case nil:
            log.Println(product.Name, product.Description, product.Category, product.Amount)
        default:
            //   panic(err)
              c.Status(500).JSON(&fiber.Map{
                "success": false,
                "message": err,
              })
    }
}

    // return product in JSON format
    if err := c.JSON(&fiber.Map{
        "success": false,
        "message": "Successfully fetched product",
        "product": product,
      }); err != nil {
        c.Status(500).JSON(&fiber.Map{
            "success": false,
            "message":  err,
          })
        return
    }

}

// CreateProduct handler
func CreateProduct(c *fiber.Ctx) {
    // Instantiate new Product struct
    p := new(model.Product)
    //  Parse body into product struct
    if err := c.BodyParser(p); err != nil {
        log.Println(err)
        c.Status(400).JSON(&fiber.Map{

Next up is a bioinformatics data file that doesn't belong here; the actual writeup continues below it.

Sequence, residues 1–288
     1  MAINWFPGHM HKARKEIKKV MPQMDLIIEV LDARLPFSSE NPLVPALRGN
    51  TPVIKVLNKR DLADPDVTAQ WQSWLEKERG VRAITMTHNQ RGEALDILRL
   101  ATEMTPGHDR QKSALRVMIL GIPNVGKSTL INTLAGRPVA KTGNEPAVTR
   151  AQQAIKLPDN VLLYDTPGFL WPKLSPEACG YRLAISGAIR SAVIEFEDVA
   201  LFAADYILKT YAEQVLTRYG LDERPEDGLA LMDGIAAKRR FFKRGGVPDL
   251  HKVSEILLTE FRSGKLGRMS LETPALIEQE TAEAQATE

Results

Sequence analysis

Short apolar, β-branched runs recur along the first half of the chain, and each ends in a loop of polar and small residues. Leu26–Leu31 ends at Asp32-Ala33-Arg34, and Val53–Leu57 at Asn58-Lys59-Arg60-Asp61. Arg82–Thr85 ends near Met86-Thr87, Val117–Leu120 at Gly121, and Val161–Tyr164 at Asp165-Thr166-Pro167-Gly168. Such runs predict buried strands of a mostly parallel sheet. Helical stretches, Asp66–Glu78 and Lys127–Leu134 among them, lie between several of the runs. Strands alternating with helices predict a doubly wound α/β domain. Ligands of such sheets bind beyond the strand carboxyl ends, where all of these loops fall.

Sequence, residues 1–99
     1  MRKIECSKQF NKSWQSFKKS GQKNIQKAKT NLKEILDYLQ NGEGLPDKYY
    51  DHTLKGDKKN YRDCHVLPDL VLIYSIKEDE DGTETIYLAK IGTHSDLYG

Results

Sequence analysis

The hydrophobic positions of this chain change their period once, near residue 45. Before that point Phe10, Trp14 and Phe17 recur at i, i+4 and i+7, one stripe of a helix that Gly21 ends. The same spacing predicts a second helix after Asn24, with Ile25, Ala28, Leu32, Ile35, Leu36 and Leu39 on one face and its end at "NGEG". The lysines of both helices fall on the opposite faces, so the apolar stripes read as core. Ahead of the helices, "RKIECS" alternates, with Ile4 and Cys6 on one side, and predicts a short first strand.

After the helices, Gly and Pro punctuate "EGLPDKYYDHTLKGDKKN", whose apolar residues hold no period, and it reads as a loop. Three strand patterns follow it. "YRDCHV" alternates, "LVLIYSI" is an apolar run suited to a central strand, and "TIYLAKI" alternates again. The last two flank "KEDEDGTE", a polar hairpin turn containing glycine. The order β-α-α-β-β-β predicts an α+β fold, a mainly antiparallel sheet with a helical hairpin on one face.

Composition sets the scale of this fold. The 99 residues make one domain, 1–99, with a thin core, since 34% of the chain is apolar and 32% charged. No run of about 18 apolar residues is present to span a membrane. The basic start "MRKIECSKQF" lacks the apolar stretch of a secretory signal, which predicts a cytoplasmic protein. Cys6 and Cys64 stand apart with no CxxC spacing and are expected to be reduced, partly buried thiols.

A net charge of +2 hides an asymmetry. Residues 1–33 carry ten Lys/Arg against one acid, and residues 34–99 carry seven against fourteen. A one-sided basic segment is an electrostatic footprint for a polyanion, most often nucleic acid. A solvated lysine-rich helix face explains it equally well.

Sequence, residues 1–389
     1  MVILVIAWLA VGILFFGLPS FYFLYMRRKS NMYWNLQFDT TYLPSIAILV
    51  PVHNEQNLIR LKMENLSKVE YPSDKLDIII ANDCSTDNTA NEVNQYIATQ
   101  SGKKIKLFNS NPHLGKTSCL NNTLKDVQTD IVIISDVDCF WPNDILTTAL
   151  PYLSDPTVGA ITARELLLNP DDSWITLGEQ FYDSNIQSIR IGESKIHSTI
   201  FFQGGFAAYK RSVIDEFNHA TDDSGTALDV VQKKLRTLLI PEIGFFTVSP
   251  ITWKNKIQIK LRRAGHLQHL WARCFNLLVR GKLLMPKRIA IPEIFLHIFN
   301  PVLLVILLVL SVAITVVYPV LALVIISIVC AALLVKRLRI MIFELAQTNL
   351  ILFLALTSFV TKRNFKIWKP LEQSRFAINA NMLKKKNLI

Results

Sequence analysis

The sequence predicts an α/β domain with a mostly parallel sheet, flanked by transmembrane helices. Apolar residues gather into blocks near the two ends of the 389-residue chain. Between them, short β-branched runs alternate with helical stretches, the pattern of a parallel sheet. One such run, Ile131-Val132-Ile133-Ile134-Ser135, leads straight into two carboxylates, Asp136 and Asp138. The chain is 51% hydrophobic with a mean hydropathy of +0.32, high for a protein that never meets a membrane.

"success": false,
            "message": err,
          })
        return
    }
    // Insert Product into database
    res, err := database.DB.Query("INSERT INTO products (name, description, category, amount) VALUES ($1, $2, $3, $4)" , p.Name, p.Description, p.Category, p.Amount )
    if err != nil {
        c.Status(500).JSON(&fiber.Map{
            "success": false,
            "message": err,
          })
        return
    }
    // Print result
    log.Println(res)

    // Return Product in JSON format
    if err := c.JSON(&fiber.Map{
        "success": true,
        "message": "Product successfully created",
        "product": p,
      }); err != nil {
        c.Status(500).JSON(&fiber.Map{
            "success": false,
            "message":  "Error creating product",
          })
        return
    }
}

// DeleteProduct from db 
func DeleteProduct(c *fiber.Ctx) {
        id := c.Params("id")
        // query product table in database
        res, err := database.DB.Query("DELETE FROM products WHERE id = $1", id)
        if err != nil {
            c.Status(500).JSON(&fiber.Map{